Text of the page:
The Indianapolis medical malpractice lawyers at Garau Germano Hanley & Pennington, P.C. have obtained a $5.68 million jury verdict in a case in which a North Vernon woman died as a result of medical malpractice.
Vickie Tatlock had been transferred from Seymour to Bloomington Hospital with an acute myocardial infarction. She was taken immediately to the cardiac catheterization lab, where the Dr. James Faris performed a cardiac catheterization and angioplasty. During the performance of the angioplasty, Dr. Faris perforated a small coronary artery. The perforation was a recognized risk of the procedure, but it required close follow-up because it created a heightened risk for cardiac tamponade.
Cardiac tamponade occurs when blood fills the pericardium (the sac surrounding the heart) placing pressure on the heart and causing it to lose its ability to function efficiently. Untreated cardiac tamponade will lead to the patient's death.
About an hour after Ms. Tatlock left the cath lab, her blood pressures began to drop, a sign of tamponade. Dr. Faris was notified of the decrease in blood pressure at 2 a.m. At that time, Dr. Faris knew that he was going to be going into the cath lab shortly to treat another patient with an acute MI, but he took no steps to get another physician to come in and care for Ms. Tatlock. At 2:38 a.m., Dr. Faris went into the cath lab with his other patient, leaving Ms. Tatlock with no physician. Over the next hour and 20 minutes, Ms. Tatlock's condition steadily deteriorated. She coded at 4 a.m., about the time that physicians had finally arrived to care for her.
The physicians relieved the tamponade by draining the blood from the pericardium (pericardiocentesis), and Ms. Tatlock's heart resumed functioning, but she was brain dead as a result of the oxygen deprivation she had suffered. Her family made the decision to remove her from life support two days later and she died at age 49.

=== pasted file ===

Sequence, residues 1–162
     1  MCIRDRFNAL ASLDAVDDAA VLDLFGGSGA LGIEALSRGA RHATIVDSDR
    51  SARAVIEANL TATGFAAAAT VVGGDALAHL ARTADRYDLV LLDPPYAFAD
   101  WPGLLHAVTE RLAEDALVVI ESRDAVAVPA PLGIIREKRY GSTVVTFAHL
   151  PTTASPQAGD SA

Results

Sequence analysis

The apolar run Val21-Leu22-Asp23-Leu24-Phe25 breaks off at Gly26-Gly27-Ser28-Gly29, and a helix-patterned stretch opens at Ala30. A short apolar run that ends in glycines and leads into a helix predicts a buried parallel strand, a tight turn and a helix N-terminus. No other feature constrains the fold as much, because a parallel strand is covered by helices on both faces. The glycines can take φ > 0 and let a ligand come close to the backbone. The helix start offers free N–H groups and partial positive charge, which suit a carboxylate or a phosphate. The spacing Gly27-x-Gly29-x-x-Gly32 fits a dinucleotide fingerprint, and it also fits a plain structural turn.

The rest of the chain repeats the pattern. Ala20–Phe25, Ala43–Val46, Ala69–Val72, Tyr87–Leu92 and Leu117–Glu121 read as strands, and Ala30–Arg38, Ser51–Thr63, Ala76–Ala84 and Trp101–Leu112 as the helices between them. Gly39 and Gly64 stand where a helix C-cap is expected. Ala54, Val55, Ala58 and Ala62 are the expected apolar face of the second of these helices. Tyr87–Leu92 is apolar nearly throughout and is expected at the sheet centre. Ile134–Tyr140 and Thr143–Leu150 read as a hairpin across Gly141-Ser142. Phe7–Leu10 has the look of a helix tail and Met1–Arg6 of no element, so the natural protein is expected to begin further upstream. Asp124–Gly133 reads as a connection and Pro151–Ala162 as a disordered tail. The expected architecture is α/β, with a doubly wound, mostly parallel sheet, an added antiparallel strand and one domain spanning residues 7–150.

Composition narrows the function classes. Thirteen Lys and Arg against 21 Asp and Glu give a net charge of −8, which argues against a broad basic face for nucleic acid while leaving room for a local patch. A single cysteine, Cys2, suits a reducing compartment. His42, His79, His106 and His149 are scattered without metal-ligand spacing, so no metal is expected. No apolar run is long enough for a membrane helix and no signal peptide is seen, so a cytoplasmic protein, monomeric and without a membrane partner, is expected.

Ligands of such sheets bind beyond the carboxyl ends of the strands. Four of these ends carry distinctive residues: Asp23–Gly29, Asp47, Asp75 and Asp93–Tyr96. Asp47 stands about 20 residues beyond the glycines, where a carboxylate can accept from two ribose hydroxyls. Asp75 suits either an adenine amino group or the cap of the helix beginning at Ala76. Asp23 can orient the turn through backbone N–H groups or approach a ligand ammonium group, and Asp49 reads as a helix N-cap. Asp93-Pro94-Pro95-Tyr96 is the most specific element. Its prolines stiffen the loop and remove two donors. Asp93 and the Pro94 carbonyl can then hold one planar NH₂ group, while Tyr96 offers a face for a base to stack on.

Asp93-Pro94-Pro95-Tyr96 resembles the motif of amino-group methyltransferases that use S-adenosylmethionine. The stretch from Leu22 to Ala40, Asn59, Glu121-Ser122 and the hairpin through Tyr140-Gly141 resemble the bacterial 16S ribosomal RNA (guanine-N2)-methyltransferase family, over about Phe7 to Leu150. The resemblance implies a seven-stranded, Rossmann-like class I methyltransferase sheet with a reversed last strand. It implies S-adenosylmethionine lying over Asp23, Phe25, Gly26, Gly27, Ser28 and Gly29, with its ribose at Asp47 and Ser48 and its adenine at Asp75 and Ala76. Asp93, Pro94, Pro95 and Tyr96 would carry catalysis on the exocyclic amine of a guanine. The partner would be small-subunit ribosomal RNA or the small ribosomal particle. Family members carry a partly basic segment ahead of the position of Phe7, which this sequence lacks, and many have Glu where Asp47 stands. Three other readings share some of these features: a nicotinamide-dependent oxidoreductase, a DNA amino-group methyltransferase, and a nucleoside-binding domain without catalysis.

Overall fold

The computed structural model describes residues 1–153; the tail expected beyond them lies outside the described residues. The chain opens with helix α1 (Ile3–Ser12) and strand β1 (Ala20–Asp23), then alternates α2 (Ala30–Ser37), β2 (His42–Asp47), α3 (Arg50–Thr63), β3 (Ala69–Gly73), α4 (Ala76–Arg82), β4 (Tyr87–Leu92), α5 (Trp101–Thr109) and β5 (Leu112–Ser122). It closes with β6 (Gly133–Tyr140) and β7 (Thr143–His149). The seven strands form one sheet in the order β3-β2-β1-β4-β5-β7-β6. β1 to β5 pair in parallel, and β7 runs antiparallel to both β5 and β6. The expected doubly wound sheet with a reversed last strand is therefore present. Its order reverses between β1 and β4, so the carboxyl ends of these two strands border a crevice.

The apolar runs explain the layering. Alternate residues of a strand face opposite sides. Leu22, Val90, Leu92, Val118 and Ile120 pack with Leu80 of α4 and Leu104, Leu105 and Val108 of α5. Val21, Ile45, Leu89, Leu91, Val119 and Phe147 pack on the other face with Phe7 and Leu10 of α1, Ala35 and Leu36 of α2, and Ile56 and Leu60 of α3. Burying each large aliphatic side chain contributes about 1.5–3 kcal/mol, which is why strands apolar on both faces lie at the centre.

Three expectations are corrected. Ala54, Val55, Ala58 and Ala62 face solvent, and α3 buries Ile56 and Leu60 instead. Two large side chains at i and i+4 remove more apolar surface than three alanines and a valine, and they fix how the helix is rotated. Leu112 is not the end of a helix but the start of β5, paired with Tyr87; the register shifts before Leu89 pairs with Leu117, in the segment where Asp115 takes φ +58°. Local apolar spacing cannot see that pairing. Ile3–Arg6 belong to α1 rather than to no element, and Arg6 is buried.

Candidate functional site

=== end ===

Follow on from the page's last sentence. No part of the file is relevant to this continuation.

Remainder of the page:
At trial, all witnesses, including Dr. Faris, conceded that Dr. Faris needed to take action as soon as possible after 2 a.m. to get a physician in to the hospital who could perform an echocardiogram to confirm the tamponade and a pericardiocentesis to relieve the tamponade. There was no mention in the records of any efforts by Dr. Faris to do so until 3:15 a.m. Nurse from Bloomington Hospital testified that they had repeatedly tried to get Dr. Faris to take prompt action to get someone in to care for Ms. Tatlock, but that they had been rebuffed by Dr. Faris.
Ms. Tatlock's husband died a little less than 5 years after she did, and a little more than four years before the case was tried. The case was pursued on behalf of Ms. Tatlock's surviving son as personal representative of his father's estate. Plaintiff black boarded around $3.9 million for the deceased husband's loss of loss of love care and affection through the date of his death. The jury came back in 2 1/2 hours with a $5.68 million verdict against Dr. Faris, and found in favor of the hospital which was also named as a defendant.
(The verdict was subsequently reduced to $1.25 million as required by the terms of the Indiana Medical Malpractice Act. That law limits the damages available in a medical malpractice action to a maximum of $1.25 million. The limitation on damages has been upheld as constitutional by the Indiana Supreme Court.)
The case was tried by Jerry Garau and Deborah Pennington of the Indianapolis medical malpractice firm of Garau Germano Hanley & Pennington, P.C.